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10 Facts About Sanitation in Anguilla

10 Facts About Sanitation in AnguillaAnguilla is a Caribbean island about half the size of Washington D.C., nestled between the Caribbean Sea and the Atlantic Ocean. Its tropical climate and terrain of low-lying coral and limestone have all contributed to this beautiful island’s dramatic water crisis. With a population of only 18,090, islanders have survived the island’s dry environment for more than 300 years. With careful husbandry, water conservation and the use of cisterns, Anguillans have found ways to make their erratic rainfall schedule work for them even during unpredictable drought periods, which can last up to three or four months. As access to improved sanitation facilities increases and tourism flourishes, the islands underground aquifer has been pushed to capacity. Here are 10 facts about sanitation in Anguilla and how they contribute to the depletion of the island’s supply of drinking water.

10 Facts About Sanitation in Anguilla

  1. In 1995, improved water sources were only available to 57 percent of the Anguillian population. Improved sanitation facilities include the use of a “flush or pour-flush sewer system, septic tank or pit latrine; ventilated improved pit (VIP) latrine; pit latrine with slab or a composting toilet.” In 2011, records showed an increase to 95 percent. By 2015, that number increased again to 97.9 percent of the population; at least 98 percent of those facilities were flush toilets.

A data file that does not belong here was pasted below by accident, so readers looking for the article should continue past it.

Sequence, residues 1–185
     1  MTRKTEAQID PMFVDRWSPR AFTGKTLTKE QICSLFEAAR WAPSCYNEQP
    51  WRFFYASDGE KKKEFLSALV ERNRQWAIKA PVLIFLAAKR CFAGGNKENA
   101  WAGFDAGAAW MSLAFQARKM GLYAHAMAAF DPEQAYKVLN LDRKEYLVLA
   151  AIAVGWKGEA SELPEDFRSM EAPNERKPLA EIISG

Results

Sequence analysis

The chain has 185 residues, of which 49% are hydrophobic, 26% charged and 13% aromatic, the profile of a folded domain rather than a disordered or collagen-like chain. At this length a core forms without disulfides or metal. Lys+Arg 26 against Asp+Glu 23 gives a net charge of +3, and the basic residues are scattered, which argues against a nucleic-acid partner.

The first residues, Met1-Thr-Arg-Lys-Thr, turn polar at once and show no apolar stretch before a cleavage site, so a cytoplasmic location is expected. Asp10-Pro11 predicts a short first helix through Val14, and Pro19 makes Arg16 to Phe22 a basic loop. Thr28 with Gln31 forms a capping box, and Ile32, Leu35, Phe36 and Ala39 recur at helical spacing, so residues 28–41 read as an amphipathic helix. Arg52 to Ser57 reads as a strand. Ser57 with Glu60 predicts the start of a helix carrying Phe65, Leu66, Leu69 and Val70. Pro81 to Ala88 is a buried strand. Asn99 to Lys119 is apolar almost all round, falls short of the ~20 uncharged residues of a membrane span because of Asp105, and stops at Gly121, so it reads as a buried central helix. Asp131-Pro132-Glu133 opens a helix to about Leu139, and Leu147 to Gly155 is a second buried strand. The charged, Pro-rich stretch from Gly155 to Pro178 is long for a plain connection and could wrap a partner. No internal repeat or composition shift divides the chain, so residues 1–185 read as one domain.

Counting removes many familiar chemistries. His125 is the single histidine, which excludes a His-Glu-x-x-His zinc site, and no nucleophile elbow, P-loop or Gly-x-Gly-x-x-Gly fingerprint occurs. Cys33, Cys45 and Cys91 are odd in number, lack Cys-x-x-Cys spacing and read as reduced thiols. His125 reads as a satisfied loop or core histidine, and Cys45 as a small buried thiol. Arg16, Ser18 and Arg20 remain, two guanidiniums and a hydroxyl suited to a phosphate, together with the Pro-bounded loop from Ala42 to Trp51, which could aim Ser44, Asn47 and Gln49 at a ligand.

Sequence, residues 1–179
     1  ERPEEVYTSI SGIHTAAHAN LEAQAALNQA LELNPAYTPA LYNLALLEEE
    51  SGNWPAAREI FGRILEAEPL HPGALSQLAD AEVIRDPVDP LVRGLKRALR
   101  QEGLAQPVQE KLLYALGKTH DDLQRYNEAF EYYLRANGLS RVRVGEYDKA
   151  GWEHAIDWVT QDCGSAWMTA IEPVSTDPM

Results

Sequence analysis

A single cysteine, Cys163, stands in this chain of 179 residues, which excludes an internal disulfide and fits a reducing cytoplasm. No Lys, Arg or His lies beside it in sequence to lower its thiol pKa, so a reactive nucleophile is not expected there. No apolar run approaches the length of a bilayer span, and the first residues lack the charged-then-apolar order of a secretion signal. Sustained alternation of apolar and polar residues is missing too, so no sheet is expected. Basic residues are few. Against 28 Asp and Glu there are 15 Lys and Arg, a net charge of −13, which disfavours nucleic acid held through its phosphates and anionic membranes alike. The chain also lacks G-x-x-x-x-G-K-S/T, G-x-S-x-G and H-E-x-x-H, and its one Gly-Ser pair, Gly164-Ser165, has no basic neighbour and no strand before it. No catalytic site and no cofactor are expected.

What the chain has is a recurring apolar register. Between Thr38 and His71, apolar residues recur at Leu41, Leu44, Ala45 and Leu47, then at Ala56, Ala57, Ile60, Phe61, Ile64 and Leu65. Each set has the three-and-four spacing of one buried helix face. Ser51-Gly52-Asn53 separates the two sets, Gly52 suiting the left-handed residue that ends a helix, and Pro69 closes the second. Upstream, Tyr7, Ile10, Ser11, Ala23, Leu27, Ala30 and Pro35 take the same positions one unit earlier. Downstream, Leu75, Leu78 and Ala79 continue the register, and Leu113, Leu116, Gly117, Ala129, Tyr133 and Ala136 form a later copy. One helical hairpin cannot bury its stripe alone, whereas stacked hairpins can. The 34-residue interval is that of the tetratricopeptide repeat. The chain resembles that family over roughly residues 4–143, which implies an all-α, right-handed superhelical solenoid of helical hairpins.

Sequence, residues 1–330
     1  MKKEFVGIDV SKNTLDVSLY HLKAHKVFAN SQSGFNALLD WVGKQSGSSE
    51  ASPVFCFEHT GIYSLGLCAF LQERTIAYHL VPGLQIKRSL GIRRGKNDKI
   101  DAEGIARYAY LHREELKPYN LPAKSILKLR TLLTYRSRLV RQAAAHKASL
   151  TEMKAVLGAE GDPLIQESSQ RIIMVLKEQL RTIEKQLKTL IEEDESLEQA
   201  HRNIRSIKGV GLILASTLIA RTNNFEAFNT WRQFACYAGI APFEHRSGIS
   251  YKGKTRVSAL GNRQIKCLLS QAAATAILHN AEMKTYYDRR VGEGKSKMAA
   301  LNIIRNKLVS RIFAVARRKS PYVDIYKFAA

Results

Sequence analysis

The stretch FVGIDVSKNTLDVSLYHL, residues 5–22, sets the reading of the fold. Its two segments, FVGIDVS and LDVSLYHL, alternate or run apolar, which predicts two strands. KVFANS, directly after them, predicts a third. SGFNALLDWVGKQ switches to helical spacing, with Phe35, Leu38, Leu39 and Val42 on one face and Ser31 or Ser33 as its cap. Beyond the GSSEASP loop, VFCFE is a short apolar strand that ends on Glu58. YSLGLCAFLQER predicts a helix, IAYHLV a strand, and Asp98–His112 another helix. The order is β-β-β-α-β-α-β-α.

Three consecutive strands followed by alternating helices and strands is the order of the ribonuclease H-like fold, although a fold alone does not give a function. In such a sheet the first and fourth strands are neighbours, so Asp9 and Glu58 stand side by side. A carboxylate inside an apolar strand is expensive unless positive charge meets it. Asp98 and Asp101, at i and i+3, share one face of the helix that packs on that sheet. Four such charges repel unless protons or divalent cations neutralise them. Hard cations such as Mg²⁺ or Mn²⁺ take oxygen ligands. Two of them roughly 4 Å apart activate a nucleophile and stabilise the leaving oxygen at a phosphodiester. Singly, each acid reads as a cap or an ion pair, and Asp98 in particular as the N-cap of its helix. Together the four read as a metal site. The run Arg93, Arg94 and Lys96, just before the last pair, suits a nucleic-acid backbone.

2. Because Anguilla does not have rivers, its drinking water consists of collected rain, wells connected to underground aquifers and desalination. Reportedly in 2000, 60 percent of the population had access to drinking water. Later, 61 percent of households indicated that their main source is from bottled water.
  3. At least 73 percent of the Anguillan population still gathers water from a cistern that pipes water into their homes. The same report from 2011 says that 15 percent of the population used the public water piped into their homes. At least 4 percent used a “public standpipe, well or tank.”
  4. The poor quality of water obtained from cisterns is of concern it is used for drinking purposes in addition to other domestic uses. Contaminants from rainwater can grow in containers like cisterns. They pose a health threat to those consuming the water. Pathogens like bacteria, viruses and Protozoa in cisterns can be treated with chlorine. However, chlorine can lose effectiveness within 24 hours of entering a cistern and these microorganisms that are transmitted in water can cause disease, which includes the potential of death.
  5. A combination of agricultural fertilizer, animal wastes as well as wastewater run-off from domestic and commercial septic tanks are seeping untreated into groundwater. This causes a chemical pollution problem for what little drinking water the island does have.